NPR owns the copyrights to all content that it produces, as well as other original media, such as the website and the NPR News iPhone app. Along with using the NPR brand to distribute programs produced by its independent producer member stations, NPR is highly known for producing its own radio and media content, including news, music, talk shows, and more. Programs that NPR produces itself are news and public affairs programs, such as Morning Edition and All Things Considered, and cultural programming, such as Snap Judgement and All Songs Considered. The website provides updated news, podcasts, blogs, streaming audio, exclusive multimedia features including video and photojournalism, and free access to over 10 years of archived coverage done by NPR. It also programs a channel through Sirius XM Satellite Radio, and produces several international programs in over 150 countries around the world. The NPR Twitter account is one way for its followers to see news and social updates, including stories ranging from Syrian refugees to scientific research about soot in snow (NPR Twitter, 2016). You can also find an NPR Soundcloud account that offers music playlists, poetry audio, and more (NPR Soundcloud, 2016). What seems to be NPR’s most valued asset, though, is its control over the Public Radio Satellite System. This system is the main satellite and internet content distribution service that distributes NPR programs and other public radio programming for competing programming producers all over the world (, 2016).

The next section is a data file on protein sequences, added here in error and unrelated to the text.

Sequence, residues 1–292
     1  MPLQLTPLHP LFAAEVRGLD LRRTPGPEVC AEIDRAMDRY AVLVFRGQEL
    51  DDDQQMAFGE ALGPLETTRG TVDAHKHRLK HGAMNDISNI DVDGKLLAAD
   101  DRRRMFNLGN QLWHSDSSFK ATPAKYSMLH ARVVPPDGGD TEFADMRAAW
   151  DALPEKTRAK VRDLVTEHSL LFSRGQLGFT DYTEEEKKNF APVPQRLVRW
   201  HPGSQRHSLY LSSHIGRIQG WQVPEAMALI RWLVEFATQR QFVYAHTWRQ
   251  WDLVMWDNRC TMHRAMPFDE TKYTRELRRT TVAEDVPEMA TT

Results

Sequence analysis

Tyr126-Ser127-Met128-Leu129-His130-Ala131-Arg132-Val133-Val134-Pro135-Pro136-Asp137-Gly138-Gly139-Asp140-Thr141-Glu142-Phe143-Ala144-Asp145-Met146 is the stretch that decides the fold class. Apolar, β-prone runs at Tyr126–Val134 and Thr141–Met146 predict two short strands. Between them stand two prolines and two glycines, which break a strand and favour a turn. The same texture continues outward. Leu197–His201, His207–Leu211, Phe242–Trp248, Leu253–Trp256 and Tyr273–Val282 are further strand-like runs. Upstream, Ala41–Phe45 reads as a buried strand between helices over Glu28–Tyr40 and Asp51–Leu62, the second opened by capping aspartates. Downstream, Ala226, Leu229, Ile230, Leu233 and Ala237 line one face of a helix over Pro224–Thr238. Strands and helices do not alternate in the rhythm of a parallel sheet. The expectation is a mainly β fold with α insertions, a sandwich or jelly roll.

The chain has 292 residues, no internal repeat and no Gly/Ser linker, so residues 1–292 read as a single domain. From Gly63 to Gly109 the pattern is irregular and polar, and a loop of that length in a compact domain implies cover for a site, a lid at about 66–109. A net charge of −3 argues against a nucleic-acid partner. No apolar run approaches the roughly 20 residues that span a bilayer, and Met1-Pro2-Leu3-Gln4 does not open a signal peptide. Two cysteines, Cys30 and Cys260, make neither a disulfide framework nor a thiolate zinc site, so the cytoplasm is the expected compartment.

Given the nature of NPR’s commercial-free programming, member stations are required to be non-commercial or non-commercial educational radio stations. You could say that these member stations are among the “suppliers” for NPR’s business. According to the official NPR website, the organization reaches 25.9 million weekly listeners through over 1,000 public radio stations on air. The NPR online counterpart,, brings in an audience of 25.6 million monthly users (National Public Media, 2016). Among its biggest business competitors are the other large public radio providers, including American Public Media, and Public Radio International (, 2016). American Public Media is the second largest provider for public radio programming in the United States and is also a non-profit organization. NPR of course also competes with hundreds of locally and independently produced programs that are not being distributed by the NPR brand.